When you are brooding chicks, you will need at least two to three inches of bedding in the bottom of the brooder. It is good to keep at least three inches of litter or bedding in the coop at all times. Why? Because chickens need insulation from the outdoor conditions, both hot and cold.
Additionally, when a chicken jumps to the ground from either a perch or nest box, they need a layer of protection from the ground. Broken eggs inside the hen can be a life-threatening situation, so keep that litter deep to help your hens.
If you have chickens with feathered shanks and toes, then keeping the litter deep and clean will help keep their feathers in terrific condition.
Chickens spend 60 percent of their day in explorative behaviors. During severe weather or snow events, you may find your chickens searching through the litter inside the coop rather than venturing outside. If these weather events are predicted, you can add a couple inches of top-dressing to the litter. That will not only provide extra insulation, it will also give them something to do until the weather has passed.
If you want your hens to mix the old and new litter regularly in the winter, then throw them a handful of scratch in the evening and they will scratch and peck at the litter to find the whole grains. Make sure, however, that you do not overfeed scratch grains because rodents may find leftovers in the litter and take up residence.
Keep the bedding and litter as dry as possible. This can be a management nightmare in the winter with rain or snow blowing in through the popholes (chicken entrances and exits). You may also be a culprit if you drag in snow or ice on your footwear. Be sure to use a footbath at an entrance, allowing a few seconds for the disinfectant to drip from your dedicated footwear so that you do not track too much moisture into the coop. Wet litter also leads to ammonia production.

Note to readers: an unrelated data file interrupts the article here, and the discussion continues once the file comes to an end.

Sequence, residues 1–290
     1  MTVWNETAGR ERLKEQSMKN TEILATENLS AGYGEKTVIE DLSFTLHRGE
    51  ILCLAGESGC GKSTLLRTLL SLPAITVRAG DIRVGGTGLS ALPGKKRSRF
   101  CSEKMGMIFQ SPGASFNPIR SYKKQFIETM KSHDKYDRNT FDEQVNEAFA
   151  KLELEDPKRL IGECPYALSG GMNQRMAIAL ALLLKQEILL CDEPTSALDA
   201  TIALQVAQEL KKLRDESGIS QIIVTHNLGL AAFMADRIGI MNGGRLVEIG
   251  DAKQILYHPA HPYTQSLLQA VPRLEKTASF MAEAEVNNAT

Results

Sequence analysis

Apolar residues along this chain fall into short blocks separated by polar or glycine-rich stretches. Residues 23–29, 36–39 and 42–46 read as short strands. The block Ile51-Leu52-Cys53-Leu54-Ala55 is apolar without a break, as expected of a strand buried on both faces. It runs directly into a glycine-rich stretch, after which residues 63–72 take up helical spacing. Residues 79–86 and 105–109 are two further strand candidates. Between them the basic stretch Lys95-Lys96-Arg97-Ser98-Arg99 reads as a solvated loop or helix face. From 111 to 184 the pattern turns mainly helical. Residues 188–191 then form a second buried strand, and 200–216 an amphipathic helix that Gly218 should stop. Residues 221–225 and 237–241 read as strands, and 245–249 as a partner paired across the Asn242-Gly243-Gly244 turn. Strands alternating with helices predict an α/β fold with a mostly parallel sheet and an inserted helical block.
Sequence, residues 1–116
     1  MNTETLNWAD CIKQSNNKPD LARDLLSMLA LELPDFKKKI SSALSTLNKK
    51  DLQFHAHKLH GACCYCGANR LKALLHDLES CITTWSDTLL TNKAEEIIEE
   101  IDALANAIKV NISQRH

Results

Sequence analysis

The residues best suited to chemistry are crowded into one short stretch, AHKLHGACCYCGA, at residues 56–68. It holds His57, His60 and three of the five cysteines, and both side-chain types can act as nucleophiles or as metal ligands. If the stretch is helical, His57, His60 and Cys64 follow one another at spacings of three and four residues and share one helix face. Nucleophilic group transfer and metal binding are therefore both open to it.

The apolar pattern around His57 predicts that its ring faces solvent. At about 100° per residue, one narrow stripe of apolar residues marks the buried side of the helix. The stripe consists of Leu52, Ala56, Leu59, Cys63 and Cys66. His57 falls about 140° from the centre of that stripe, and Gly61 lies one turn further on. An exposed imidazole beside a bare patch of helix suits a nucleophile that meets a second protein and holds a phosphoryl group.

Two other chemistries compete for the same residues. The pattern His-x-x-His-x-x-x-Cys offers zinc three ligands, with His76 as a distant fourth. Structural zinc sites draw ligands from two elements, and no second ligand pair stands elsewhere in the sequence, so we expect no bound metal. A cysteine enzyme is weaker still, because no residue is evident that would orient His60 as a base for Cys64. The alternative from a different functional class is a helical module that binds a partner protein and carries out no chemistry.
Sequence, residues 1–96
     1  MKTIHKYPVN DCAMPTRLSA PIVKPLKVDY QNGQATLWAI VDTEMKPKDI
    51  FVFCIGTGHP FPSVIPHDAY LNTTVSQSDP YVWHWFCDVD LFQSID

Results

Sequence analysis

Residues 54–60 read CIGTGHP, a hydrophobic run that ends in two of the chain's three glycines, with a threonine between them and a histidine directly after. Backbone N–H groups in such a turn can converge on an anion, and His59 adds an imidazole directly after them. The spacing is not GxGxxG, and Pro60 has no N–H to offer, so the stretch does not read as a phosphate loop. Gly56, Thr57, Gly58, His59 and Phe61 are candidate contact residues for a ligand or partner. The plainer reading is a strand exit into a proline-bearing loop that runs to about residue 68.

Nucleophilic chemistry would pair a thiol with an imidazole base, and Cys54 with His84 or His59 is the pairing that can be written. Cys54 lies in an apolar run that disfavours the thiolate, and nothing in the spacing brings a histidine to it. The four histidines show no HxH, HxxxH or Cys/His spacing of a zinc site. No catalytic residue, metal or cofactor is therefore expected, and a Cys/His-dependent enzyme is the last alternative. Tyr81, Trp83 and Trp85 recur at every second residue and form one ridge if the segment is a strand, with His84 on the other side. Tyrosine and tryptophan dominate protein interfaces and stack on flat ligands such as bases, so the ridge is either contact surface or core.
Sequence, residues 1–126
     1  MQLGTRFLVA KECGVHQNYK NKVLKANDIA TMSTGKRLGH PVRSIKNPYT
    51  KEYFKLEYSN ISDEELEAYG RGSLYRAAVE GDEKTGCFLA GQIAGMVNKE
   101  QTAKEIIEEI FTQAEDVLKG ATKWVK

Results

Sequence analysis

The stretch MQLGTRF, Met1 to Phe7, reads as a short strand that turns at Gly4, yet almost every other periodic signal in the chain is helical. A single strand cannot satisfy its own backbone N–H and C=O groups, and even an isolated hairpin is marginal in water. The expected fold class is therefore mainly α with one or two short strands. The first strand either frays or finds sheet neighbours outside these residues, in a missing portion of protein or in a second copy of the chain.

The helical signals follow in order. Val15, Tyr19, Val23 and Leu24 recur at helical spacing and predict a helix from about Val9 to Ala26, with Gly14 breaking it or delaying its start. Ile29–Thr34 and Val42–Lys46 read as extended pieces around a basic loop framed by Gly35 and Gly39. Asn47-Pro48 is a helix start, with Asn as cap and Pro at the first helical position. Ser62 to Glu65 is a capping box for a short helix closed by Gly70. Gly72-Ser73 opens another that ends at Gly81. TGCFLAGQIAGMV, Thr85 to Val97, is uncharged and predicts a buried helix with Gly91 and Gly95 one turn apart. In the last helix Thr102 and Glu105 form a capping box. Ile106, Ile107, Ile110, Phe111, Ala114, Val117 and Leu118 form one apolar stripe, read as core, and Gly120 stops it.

If a full cleanout is not possible, then try spot cleaning: Remove damp litter from a spill or where wet litter has collected. Removing and replacing that wet litter will ensure that you keep your ammonia levels low.
Now let’s talk about cake, and we don’t mean the kind you eat on birthdays. Cake happens when litter is too wet or covered with a thick layer of manure. It compacts down and loses its absorbency. Cake should be managed so that it does not prevent the bedding from doing its job. Cake buildup can happen fast with certain meat-type chickens. For any flock, though, watch your litter for signs of matting around the feeders and waterers as well as near entrances. If you see that litter is caked, then it is time to do some spot cleaning.
If you notice a sudden buildup of cake, as well as ammonia, then you need to seek assistance as you are having management issues with your flock. It may also mean that your flock is ill and experiencing diarrhea. In that case, it is time to consider spending more time with your flock to find out what is wrong.
Many companies are happy to sell you odor elimination products. Odor is subjective, but if you look at the details, what these companies are promising is a reduction in the levels of ammonia. Ammonia is easily smelled and can produce marked and measurable harmful effects upon your flock. Ammonia can be produced rather quickly in the summer, but do not forget that it can be a problem in the winter too. Ventilation can help you manage the ammonia, but so can spot cleaning wet litter.
If you have a cozy coop in the winter, but moisture collects on the walls, it can drip down into the litter. If your litter freezes to the floor around doorways, then consider closing the door during bad weather so that you avoid the eventual ammonia product that will result.
If you cannot do a cleanout soon enough, there are products out there to help you manage litter ammonia production. These are called litter amendments, and go by names like ChickFlic, Coop N’ Compost, Sweet PDZ Horse Stall Refresher, Sweet PDZ Coop Refresher, Koop Clean Chicken Bedding, Fresh Coop Odor Control, DooKashi, and Coops & Feathers’ Chicken Coop Odor Eliminator. All are safe for use around poultry so you can spread these products while your birds are in the coop.
The Fresh Coop, DooKashi, and Chicken Coop Odor Eliminator all appear to be aimed at decreasing the pH in the litter.
There are things out there that some people occasionally add to their coops as enhancements. LuvNest is an herbal blend offered in many forms. Flock owners spread the product in the litter to give the coop an herbal scent. The dried herbs are safe for chickens to eat, meaning it is fine if the chickens peck at them.
You can even grow your own herbs and add them either as fresh or dried to the bedding you choose for the coop.
You now have a good guide for you to use in placing bedding down in the coop. I know your flock will thank you for doing your homework ahead of time!